40 To calculate 2000-01 MDB agricultural production and area data that were comparable with 2005-06, Statistical Local Area (SLA)-level information and an SLA-to-MDB concordance were used. To evaluate the accuracy of using the SLA-to-MDB concordance methodology, this method was also used to derive 2005-06 Agricultural Census data. This enabled an evaluation of whether the level of difference (using the SLA concordance methodology) compared to the equivalent geo-coded MDB data was significant. Where the difference was relatively small (<3%) the 2000-01 data were considered appropriate.

41 Irrigated area data for 2000-01 were compared using the SLA-concordance methodology described in paragraph 39 above, and the SD methodology described in paragraph 25 above. When the results of the two methods were compared, minor differences were observed, therefore the SD methodology was used because it was considered to be more accurate.

Data Quality and Reliability

42 The 2005-06 Agricultural Census data should be used with a high degree of confidence because farms have been geo-coded to a point location, rather than classified to an area.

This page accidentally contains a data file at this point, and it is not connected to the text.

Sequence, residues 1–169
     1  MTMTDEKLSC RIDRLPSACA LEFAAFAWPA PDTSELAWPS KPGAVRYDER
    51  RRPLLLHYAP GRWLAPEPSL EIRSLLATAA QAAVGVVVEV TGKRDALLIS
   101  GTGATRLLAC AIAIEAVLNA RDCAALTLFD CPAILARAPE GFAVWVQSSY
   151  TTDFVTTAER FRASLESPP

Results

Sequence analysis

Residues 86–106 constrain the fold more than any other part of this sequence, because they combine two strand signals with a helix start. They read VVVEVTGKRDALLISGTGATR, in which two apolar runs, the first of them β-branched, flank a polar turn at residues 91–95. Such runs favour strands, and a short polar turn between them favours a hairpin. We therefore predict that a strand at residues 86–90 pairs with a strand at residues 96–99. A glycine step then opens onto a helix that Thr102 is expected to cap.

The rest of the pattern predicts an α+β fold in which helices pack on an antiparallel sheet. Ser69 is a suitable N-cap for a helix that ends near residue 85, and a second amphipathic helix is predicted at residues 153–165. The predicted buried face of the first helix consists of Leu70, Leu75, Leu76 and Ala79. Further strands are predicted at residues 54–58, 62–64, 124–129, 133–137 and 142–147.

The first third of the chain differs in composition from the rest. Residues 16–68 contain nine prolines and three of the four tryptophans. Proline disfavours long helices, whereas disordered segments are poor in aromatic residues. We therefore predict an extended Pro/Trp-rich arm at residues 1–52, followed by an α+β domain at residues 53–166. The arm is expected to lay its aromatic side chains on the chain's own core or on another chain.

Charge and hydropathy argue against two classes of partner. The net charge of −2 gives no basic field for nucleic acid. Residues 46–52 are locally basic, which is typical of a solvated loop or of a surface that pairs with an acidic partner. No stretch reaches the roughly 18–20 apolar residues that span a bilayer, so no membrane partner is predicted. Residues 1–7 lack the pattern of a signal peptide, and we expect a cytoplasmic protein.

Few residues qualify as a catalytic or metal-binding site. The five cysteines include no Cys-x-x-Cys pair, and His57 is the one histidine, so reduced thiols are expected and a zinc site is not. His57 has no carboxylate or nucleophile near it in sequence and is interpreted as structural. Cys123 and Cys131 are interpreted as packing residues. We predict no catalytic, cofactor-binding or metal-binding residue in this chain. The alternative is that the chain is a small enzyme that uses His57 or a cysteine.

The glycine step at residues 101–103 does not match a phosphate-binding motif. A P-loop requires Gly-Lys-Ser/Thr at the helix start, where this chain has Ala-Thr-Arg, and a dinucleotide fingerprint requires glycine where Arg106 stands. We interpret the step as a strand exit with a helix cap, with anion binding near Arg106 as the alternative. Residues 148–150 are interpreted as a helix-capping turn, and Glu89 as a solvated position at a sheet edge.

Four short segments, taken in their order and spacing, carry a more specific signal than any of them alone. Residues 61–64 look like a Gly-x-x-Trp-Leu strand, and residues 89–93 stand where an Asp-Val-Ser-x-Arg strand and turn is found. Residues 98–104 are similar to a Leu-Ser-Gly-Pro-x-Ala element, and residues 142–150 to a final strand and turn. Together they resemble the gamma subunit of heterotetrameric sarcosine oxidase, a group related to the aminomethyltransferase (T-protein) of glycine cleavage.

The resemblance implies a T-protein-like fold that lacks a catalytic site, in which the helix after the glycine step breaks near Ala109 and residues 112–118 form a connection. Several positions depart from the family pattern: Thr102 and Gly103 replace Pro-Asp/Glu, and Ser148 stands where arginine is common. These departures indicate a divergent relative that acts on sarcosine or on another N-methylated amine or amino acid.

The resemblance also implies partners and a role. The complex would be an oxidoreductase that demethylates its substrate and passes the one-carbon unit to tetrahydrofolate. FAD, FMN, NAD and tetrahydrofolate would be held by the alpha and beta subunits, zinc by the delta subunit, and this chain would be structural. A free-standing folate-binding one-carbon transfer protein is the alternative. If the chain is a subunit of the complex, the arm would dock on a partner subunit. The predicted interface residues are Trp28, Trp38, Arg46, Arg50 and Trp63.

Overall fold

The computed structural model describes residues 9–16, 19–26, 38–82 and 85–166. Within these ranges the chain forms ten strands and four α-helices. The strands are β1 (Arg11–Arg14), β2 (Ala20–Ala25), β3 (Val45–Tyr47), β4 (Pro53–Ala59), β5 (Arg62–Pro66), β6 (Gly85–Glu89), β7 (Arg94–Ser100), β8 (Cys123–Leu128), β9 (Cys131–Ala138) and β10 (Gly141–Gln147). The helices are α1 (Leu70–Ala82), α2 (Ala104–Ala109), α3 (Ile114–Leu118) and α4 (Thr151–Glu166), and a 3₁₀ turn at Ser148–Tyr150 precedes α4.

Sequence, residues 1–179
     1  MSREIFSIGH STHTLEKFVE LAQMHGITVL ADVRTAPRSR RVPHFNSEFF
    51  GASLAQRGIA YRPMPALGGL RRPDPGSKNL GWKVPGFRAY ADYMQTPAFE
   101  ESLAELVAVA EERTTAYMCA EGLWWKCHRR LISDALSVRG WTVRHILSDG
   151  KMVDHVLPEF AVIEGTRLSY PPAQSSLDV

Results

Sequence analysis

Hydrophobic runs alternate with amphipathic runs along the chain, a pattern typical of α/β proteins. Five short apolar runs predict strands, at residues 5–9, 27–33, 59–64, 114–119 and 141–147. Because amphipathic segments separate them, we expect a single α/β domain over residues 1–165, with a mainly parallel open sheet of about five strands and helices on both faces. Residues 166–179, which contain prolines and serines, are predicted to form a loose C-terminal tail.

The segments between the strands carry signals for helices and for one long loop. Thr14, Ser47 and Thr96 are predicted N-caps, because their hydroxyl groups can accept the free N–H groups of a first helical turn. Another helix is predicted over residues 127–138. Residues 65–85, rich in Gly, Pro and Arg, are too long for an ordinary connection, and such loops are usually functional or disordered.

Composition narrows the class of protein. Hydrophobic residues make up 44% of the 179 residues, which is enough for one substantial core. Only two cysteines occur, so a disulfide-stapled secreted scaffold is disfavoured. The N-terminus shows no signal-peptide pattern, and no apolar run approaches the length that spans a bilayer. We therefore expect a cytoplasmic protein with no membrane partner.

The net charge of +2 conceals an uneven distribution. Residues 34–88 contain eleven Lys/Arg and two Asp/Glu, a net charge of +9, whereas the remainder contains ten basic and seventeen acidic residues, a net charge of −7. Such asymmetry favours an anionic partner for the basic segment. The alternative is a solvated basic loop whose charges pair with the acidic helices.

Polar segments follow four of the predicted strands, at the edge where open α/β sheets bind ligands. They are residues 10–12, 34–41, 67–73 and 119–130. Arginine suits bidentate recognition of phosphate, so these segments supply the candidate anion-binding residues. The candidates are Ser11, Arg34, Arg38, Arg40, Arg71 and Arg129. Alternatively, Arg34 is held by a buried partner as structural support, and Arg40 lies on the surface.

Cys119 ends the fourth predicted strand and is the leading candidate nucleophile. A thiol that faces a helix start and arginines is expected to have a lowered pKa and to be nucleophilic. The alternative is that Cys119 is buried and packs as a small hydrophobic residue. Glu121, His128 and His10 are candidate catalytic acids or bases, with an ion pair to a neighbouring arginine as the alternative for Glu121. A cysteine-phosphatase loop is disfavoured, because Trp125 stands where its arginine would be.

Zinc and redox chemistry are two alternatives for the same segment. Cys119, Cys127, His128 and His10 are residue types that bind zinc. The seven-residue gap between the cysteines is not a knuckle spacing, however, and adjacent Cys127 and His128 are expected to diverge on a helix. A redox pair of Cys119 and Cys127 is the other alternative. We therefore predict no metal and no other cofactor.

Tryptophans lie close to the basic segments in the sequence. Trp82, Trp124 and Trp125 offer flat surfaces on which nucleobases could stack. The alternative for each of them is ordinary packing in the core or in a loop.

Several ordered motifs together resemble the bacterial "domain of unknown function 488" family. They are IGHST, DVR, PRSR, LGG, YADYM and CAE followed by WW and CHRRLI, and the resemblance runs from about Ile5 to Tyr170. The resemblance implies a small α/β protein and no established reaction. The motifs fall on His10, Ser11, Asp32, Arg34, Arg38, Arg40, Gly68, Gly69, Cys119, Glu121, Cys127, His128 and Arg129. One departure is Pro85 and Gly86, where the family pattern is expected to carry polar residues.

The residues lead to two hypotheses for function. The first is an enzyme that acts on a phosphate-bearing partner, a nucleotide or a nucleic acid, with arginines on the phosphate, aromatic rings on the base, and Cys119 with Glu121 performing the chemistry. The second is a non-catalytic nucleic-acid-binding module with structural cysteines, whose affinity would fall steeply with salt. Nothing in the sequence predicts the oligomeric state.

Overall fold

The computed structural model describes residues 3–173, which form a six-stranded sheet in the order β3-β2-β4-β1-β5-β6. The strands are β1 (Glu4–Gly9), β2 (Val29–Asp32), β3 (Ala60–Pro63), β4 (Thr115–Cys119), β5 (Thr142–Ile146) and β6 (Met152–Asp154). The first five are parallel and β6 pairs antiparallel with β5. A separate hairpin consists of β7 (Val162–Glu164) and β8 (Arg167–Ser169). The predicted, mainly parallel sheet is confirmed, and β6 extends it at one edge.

43 Caution should be used when comparing 2000-01 and 2005-06 agriculture data for two reasons. Firstly, 2000-01 data were calculated for the MDB using a concordance-based methodology which reduced the degree of accuracy compared to using the geo-coding methodology. Secondly, between 2000-01 and 2005-06, the method of establishing the population of agricultural holdings to be surveyed (referred to as the business "frame") was changed. In 2000-01, a register of agricultural holdings (frame) maintained by the ABS was used; in 2005-06 the ABS drew the frame from the Australian Business Register. The influence of the frame change is not thought to be significant; some analyses suggest that the frame used for 2005-06 included more small-sized farms than previously.

Gross Value of Agricultural Production

Data Sources

44 Estimates of the Gross Value of Agricultural Production (GVAP) were compiled using data from Value of Agricultural Commodities Produced 2005-06 (cat. no. 7503.0).

Method of Calculation

45 Estimates of GVAP for the MDB have been derived using similar techniques for calculating MDB agricultural commodities estimates as described in the paragraphs above. The statistics presented are in current price terms, so changes over time are affected by both inflation and changes in the volume of agricultural production.

Data Quality and Reliability

46 GVAP also includes some non-irrigated commodities which are not considered in calculations of the Gross Value of Irrigated Agricultural Production (GVIAP). They include: